Armed Response (2017)

For a while, Armed Response is, at least, a cheerfully silly, minimalist thriller, and then it must go and crap the bed by incorporating two other kinds of silliness - the kind that goes a few steps too far into goofy and another kind that's a bit more insidious. We'll get to that last kind in a minute, but it is telling that Matt Savelloni's debut screenplay goes to a place of discomforting exploitation at a key moment. It is as if the screenwriter couldn't help himself but to include a plot development that casts all the characters involved in a different light. It doesn't help that the film's foundation is equally rickety.

It starts swimmingly enough, though, with a unit of commandos being hunted down one by one in a prologue of broken images and desperate cries for help. Another unit has been sent into the Temple, the top-secret government base in which the attack happened. That second unit is led by Isaac (Wesley Snipes), who recruits his beleaguered old friend Gabriel (Dave Annable), creator of the technology that powers the Temple, to help the unit investigate what happened. The rest of the unit are played variously by Anne Heche, Kyle Clements, Morgan Roberts, Eyas Younis, and Colby Lopez (more commonly known as "Seth Rollins" in the world of professional wrestling).

The names of the characters, beyond those played by Annable, Snipes, and perhaps Mo Gallini, who plays a terrorist on the Federal watch list named Ahmadi upon whom the unit stumbles within the facility, don't really matter here. Most of those names are interchangeably mono- or disyllabic, and one might become lost trying to remember them. The actors are functional in their roles without standing (or, thankfully, sticking) out from the others within the cast, and director John Stockwell has at least a competent understanding of how to stage shootouts - more, at least, than of how to stage jump-scare sequences.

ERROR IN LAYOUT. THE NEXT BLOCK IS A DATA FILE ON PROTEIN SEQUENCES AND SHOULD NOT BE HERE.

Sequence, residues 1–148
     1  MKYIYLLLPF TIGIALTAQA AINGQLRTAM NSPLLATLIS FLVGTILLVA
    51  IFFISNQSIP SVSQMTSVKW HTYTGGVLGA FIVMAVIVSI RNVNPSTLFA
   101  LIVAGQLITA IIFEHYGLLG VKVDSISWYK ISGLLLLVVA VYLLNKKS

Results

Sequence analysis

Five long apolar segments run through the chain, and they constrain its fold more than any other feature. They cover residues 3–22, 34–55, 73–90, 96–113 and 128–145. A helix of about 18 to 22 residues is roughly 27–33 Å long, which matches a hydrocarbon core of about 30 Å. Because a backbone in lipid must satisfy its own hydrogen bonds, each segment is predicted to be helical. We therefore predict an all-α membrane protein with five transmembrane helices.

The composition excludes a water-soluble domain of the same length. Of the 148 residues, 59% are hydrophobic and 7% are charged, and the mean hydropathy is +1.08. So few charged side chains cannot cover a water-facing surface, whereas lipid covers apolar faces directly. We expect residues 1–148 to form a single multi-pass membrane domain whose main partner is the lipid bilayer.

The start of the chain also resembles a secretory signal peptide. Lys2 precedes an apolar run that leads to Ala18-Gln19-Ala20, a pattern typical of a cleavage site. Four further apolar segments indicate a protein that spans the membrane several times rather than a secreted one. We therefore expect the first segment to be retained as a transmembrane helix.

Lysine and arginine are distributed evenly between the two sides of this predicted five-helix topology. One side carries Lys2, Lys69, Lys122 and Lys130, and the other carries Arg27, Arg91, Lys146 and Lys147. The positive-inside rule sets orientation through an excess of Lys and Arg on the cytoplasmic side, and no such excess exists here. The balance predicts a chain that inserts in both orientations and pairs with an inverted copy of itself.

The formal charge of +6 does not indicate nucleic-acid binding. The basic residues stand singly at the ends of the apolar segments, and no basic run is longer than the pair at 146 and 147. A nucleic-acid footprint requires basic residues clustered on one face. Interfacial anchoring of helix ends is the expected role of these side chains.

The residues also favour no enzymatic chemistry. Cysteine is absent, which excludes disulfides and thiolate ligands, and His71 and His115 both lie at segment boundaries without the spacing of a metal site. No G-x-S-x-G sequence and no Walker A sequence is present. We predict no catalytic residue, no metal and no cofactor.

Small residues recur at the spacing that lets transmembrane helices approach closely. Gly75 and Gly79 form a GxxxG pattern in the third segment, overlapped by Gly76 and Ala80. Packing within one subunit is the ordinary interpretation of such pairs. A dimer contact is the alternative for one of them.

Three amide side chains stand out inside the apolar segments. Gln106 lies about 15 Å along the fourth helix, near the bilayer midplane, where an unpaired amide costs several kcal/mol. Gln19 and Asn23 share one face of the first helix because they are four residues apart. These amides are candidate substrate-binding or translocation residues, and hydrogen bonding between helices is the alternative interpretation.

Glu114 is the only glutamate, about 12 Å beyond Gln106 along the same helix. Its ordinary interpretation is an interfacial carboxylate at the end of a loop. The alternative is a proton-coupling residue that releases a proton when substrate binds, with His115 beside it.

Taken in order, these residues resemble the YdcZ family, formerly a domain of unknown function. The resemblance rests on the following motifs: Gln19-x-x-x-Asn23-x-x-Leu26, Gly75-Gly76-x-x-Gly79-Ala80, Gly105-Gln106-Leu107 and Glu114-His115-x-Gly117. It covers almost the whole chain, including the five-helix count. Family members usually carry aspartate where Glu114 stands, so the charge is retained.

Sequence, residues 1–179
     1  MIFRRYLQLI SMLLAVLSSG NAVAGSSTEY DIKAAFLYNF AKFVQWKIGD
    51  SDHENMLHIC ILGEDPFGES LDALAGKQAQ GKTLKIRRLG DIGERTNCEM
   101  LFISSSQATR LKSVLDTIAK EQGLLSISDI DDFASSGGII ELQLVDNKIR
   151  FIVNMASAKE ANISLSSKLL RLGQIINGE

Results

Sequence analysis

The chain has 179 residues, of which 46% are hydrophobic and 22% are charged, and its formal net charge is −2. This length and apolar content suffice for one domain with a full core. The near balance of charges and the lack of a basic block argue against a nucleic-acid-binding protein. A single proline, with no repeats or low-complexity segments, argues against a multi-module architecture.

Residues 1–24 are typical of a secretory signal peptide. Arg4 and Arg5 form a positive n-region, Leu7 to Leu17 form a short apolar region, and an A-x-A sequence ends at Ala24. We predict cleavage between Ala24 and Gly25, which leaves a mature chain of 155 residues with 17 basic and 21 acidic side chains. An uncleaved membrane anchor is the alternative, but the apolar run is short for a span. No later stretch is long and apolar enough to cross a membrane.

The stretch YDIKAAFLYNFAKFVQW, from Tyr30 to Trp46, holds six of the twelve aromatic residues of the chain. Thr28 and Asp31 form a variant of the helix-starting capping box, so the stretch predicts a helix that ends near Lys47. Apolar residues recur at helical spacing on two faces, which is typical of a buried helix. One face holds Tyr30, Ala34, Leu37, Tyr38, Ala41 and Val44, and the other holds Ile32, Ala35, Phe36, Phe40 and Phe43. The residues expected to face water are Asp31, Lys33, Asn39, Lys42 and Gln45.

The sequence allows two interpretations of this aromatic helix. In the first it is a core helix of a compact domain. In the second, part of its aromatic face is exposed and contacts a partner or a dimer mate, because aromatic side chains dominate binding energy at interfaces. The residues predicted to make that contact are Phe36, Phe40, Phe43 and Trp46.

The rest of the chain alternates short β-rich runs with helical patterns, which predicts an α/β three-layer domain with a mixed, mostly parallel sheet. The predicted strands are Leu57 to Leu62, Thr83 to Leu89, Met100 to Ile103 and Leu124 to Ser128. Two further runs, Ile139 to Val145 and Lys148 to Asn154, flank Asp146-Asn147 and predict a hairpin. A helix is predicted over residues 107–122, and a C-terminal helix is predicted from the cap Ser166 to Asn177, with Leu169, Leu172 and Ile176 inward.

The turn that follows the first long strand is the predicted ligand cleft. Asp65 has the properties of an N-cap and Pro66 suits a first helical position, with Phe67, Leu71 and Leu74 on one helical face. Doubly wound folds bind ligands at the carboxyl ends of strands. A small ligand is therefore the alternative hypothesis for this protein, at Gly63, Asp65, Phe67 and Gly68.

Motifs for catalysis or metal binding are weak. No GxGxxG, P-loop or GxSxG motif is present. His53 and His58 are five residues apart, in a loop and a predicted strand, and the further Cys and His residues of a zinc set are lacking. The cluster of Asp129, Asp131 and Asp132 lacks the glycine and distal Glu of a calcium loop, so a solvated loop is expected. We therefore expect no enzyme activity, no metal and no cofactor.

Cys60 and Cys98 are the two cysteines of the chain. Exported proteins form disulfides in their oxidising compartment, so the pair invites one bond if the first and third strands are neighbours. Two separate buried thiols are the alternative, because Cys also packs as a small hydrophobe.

The movie shifts from the solid opening act, which sets up a confined thriller for the members of the unit when the building goes into lockdown mode, to one in which it seems the facility thinks for itself in an artificially intelligent way: During an interrogation of the terrorist prisoner, a conveniently timed electrical surge passes through his body, for instance, and it appears that the building can learn from human actions. It's a neat concept, but the film doesn't stay with that neat concept for very long. Eventually, the technological threat becomes a seemingly supernatural one.

This means that we get multiple sequences (dozens of them, it seems) in which some character - take your pick - sits, stands, or squats in seeming isolation while a darkened figure looms behind him or her. If one believes that one cannot guess what happens to a few of these characters after such an apparition appear, one hasn't seen any horror movies at all in one's lifetime. The film shifts again into ideological territory, particularly of a certain region in the Middle East, and that's where the distasteful element comes in. It removes any good will from characters for whom we had come close to rooting, and it rather sums up the various shortcomings of Armed Response.

Film Information

Dave Annable (Gabriel), Wesley Snipes (Isaac), Anne Heche (Riley), Colby Lopez (Brett), Morgan Roberts (Paul), Eyas Younis (Saeed), Kyle Clements (Tyler), Mo Gallini (Ahmadi).

Directed by John Stockwell and written by Matt Savelloni.

Rated R (violence, grisly images, language).

93 minutes.

Released in select cities on August 4, 2017.

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